int NumCopies()
     {
         return _numCopies;
     }
 
      property
     void NumCopies(int value)
     {
         _numCopies = value;
     }
 
     public void BorrowItem(string name)
     {
         NumCopies--;
     }
 }
 
 void main()
 {
 }
 
 I get this back: Error: this.NumCopies() is not an lvalue
 
 So D tries to call the getter method "int NumCopies()" and apply -- on it.
 One way around this is to make the getter method return by reference:
 
 import std.stdio;
 
 class LibraryItem
 {
     private int _numCopies;
 
      property
     ref int NumCopies()
     {
         return _numCopies;
     }
 
      property
     void NumCopies(int value)
     {
         _numCopies = value;
     }
 
     public void BorrowItem(string name)
     {
         NumCopies--;
         writeln(NumCopies);     // writes -1 after the call
     }
 }
 
 void main()
 {
     auto lib = new LibraryItem();
     lib.BorrowItem("TDPL");
 }
 
 So this works. But now the getter method acts both as a getter and a
 setter, which contradicts the idea of having separate get/set methods,
 don't you agree?
 
 I'm not sure how C# works. Does it use the getter method and return a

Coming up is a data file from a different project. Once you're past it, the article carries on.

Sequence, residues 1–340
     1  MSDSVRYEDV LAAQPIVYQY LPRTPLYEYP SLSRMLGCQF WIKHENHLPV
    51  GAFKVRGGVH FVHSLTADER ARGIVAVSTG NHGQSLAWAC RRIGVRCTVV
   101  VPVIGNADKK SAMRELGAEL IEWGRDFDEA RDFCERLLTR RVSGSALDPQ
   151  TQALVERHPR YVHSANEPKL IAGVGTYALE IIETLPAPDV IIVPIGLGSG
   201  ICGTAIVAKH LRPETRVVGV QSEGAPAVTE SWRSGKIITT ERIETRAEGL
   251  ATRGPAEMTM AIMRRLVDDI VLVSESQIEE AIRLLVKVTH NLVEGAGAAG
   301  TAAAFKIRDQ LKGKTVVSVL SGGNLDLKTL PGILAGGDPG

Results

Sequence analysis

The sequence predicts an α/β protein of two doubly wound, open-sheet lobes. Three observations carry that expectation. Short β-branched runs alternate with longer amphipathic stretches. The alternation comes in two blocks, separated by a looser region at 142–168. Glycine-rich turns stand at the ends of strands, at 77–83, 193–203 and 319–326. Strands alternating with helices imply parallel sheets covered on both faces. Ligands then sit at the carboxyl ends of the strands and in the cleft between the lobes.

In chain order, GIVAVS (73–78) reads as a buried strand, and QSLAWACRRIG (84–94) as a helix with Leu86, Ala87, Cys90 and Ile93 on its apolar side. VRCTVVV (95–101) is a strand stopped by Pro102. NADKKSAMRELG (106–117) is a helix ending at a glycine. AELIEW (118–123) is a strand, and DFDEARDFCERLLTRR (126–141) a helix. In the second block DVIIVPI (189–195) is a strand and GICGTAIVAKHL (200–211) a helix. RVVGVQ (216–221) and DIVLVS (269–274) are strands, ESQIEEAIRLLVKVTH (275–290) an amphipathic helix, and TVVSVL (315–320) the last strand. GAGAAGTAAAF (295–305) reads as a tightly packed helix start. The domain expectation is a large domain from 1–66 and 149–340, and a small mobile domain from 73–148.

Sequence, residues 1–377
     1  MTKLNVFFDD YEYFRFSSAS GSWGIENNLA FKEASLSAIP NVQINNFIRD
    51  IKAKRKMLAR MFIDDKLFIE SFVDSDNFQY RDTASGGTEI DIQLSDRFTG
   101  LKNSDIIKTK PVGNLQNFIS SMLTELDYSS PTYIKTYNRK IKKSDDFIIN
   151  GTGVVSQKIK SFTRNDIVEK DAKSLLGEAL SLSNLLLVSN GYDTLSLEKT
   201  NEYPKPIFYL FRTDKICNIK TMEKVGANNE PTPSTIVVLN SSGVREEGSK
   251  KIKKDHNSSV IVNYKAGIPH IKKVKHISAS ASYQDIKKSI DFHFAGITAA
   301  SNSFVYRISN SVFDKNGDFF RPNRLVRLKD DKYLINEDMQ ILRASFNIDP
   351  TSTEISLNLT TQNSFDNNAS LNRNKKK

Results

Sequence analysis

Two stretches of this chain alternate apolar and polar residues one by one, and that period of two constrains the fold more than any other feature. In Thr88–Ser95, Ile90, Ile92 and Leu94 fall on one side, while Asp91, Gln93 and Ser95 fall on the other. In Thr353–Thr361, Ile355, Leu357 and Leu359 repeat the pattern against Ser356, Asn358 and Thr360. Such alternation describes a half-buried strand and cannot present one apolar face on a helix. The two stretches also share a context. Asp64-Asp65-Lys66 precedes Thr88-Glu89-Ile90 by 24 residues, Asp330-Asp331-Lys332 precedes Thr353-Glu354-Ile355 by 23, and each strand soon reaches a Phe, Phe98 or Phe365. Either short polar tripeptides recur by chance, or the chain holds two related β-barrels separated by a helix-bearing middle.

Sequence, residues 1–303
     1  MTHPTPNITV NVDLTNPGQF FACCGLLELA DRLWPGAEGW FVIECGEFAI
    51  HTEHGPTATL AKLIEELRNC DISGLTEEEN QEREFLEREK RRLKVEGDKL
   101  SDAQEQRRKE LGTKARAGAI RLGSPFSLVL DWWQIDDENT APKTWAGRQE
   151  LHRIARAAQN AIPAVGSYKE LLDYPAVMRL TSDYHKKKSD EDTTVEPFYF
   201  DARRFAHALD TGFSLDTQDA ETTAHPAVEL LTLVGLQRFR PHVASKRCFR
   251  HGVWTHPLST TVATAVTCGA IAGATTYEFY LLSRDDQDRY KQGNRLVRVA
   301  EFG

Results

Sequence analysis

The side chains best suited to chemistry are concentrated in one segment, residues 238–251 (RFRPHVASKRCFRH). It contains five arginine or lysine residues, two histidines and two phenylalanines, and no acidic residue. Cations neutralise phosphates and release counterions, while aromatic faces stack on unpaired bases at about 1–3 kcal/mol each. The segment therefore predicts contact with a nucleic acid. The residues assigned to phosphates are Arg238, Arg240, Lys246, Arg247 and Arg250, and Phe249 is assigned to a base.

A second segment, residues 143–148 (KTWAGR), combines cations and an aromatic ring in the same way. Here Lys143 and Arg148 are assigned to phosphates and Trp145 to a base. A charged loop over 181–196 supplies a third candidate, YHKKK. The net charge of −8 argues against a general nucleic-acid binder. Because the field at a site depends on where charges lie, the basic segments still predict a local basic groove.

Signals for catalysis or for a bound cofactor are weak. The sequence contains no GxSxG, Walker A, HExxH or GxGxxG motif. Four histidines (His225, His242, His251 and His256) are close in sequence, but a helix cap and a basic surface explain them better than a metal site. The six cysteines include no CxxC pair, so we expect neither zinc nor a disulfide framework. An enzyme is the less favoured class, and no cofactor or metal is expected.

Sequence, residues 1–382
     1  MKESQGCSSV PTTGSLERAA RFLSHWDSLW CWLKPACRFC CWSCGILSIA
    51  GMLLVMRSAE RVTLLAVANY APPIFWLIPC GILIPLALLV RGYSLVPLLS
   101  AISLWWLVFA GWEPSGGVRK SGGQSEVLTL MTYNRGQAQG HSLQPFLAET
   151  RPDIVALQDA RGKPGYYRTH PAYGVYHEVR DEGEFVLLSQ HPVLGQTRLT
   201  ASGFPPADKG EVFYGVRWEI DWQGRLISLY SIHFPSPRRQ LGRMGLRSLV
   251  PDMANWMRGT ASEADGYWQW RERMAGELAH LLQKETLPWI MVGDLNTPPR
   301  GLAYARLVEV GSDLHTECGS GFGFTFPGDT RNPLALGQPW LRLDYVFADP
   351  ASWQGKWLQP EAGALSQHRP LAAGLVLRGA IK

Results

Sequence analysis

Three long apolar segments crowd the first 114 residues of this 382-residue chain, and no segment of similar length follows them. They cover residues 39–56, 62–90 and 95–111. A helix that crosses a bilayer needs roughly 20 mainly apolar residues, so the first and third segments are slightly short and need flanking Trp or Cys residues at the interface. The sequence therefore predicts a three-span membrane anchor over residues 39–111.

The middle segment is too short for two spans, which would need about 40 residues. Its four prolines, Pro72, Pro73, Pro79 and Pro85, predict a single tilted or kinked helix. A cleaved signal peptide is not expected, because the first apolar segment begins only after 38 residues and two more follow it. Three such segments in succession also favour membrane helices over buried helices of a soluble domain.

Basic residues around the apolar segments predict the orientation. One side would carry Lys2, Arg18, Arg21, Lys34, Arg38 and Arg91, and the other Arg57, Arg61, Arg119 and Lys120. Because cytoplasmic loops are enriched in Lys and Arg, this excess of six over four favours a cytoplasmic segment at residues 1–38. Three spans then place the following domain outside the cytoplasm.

reference for the -- op like in the last D example, or does it rewrite the
 whole operation as "NumCopies(-1)"? Maybe we can have a functionality like
 that in D without having to change the getter method to return a
 reference.. What do you think?

I would think that it would be doable if something ++lib.NumCopies were lowered to lib.NumCopies(++lib.NumCopies()). If it were post-increment, it would then probably turn it into something more like this: auto toInc = lib.NumCopies(); auto temp = toInc; lib.NumCopies(++toInc); Of course, given that you could use pre and post-increment in the middle of an expression, that could get quite a bit more complicated, and a simple lowering could be rather difficult, but the basic idea should still hold. I don't see why it couldn't be done other than that figuring out the exact way to lower it in order to deal with the fact that it could be in the middle of an expression could be a bit entertaining. I say open an enhancement request for it. Perhaps someone else can point out why it would be a bad idea, but on the surface, it seems quite doable. - Jonathan M Davis
Dec 13 2010
prev sibling parent "Robert Jacques" <sandford jhu.edu> writes:
On Mon, 13 Dec 2010 14:29:34 -0500, Jonathan M Davis <jmdavisProg gmx.com>  
wrote:
 On Monday, December 13, 2010 11:10:55 Andrej Mitrovic wrote:
 So I was a bit surprised today to find out that this sample C# code  
 works:

 class LibraryItem
 {
     private int _numCopies;

     // Property
     public int NumCopies
     {
         get { return _numCopies; }
         set { _numCopies = value; }